Sucksdorff M, Rissanen E, Tuisku J, Nuutinen S, Paavilainen T, Rokka J, Rinne J, Airas L.Evaluation of the effect of fingolimod treatment on microglial activation using serial PET imaging in multiple sclerosis. J Nucl Med. 2017 Mar 23. pii: jnumed.116.183020.
Traditionally, multiple sclerosis (MS) has been considered a white matter (WM) disease with focal inflammatory lesions. It is, however, becoming clear that significant pathology, such as microglial activation, also takes place outside the plaque areas, i.e. in areas of normal appearing white matter (NAWM) and gray matter (GM). Microglial activation can be detected in vivo using an 18 kDa translocator protein (TSPO) binding radioligands and positron emission tomography (PET). It is unknown whether fingolimod affects microglial activation in MS. The aim of this study was to investigate whether serial PET can be used to evaluate the effect of fingolimod treatment on microglial activation. Methods: Ten relapsing-remitting MS (RRMS) patients were studied using the TSPO radioligand 11C-(R)-PK11195. Imaging was performed at baseline and after 8 and 24 weeks of fingolimod treatment. Eight healthy individuals were imaged for comparison. Microglial activation was evaluated as distribution volume ratio (DVR) of 11C-(R)-PK11195. Results: The patients had had MS for an average of 7.9 years (± 4.3, mean ± standard deviation (SD)), their total relapses averaged 4 ± 2.4, and their Expanded Disability Status Scale was 2.7 ± 0.5. The patients were switched to fingolimod due to safety reasons or therapy escalation. The mean washout period before the initiation of fingolimod was 2.3 ± 1.1 months. The patients were clinically stable on fingolimod. At baseline, microglial activation was significantly higher in the combined NAWM and GM areas of MS patients compared with healthy controls (P = 0.021). 11C-(R)-PK11195 binding was reduced (-12.31%) within the combined T2 lesion area after six months of fingolimod treatment (P = 0.040), but not in the areas of NAWM or GM. Conclusion: Fingolimod treatment reduced microglial/macrophage activation at the site of focal inflammatory lesions, presumably by preventing leukocyte trafficking from the periphery. It did not affect the widespread, diffuse microglial activation in the NAWM and GM. The study opens new vistas for designing future therapeutic studies in MS that use the evaluation of microglial activation as an imaging outcome measure.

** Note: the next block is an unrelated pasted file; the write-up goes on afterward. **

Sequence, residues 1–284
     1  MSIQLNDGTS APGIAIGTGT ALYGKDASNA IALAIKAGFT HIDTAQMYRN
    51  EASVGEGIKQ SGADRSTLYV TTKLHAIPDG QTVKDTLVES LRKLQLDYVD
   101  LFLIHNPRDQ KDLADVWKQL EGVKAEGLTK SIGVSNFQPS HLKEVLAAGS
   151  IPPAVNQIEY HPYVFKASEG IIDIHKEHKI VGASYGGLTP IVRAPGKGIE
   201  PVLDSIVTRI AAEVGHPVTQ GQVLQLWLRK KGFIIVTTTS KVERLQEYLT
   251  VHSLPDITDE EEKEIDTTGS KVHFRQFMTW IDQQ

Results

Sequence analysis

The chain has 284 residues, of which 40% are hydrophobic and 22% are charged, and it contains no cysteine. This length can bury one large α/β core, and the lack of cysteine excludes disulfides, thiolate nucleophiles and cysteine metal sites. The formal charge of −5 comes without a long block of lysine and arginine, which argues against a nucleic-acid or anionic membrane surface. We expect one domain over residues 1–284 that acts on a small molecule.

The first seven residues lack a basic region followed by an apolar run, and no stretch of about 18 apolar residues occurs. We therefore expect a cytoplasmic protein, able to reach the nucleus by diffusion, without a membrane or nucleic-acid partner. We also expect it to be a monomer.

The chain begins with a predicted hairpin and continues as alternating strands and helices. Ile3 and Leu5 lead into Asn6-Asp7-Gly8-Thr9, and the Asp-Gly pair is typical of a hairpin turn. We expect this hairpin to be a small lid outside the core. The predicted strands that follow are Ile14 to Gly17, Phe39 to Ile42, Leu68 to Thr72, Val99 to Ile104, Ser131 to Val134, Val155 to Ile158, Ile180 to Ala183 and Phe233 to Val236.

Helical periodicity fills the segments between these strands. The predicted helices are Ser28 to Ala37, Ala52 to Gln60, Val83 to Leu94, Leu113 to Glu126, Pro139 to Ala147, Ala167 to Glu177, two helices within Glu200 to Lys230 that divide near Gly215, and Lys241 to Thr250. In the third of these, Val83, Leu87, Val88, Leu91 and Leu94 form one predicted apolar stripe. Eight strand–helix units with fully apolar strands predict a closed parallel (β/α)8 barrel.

Fingo blocks relapses and blocks new lesion formation and so blocked microglial activity as detected with TSPO (which one has to say binds to more than just microglia). However, it did not inhibit the widespread microglial activation that we are assuming in associated with progressive MS. Is this a reason why fingolimod failed in primary progressive MS, so what would happen with siponimod which has a similar mechanism to fingolimod?